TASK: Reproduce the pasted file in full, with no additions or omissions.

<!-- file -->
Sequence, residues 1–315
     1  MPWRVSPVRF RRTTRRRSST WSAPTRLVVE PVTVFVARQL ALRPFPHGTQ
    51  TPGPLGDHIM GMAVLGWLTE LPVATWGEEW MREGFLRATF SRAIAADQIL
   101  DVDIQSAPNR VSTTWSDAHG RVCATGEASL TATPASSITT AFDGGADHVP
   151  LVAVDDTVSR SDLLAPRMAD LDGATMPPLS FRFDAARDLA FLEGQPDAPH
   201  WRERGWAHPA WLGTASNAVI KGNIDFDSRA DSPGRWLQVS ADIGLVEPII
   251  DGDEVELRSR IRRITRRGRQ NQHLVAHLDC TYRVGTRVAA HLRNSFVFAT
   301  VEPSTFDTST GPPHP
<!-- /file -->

Sequence, residues 1–315
     1  MPWRVSPVRF RRTTRRRSST WSAPTRLVVE PVTVFVARQL ALRPFPHGTQ
    51  TPGPLGDHIM GMAVLGWLTE LPVATWGEEW MREGFLRATF SRAIAADQIL
   101  DVDIQSAPNR VSTTWSDAHG RVCATGEASL TATPASSITT AFDGGADHVP
   151  LVAVDDTVSR SDLLAPRMAD LDGATMPPLS FRFDAARDLA FLEGQPDAPH
   201  WRERGWAHPA WLGTASNAVI KGNIDFDSRA DSPGRWLQVS ADIGLVEPII
   251  DGDEVELRSR IRRITRRGRQ NQHLVAHLDC TYRVGTRVAA HLRNSFVFAT
   301  VEPSTFDTST GPPHP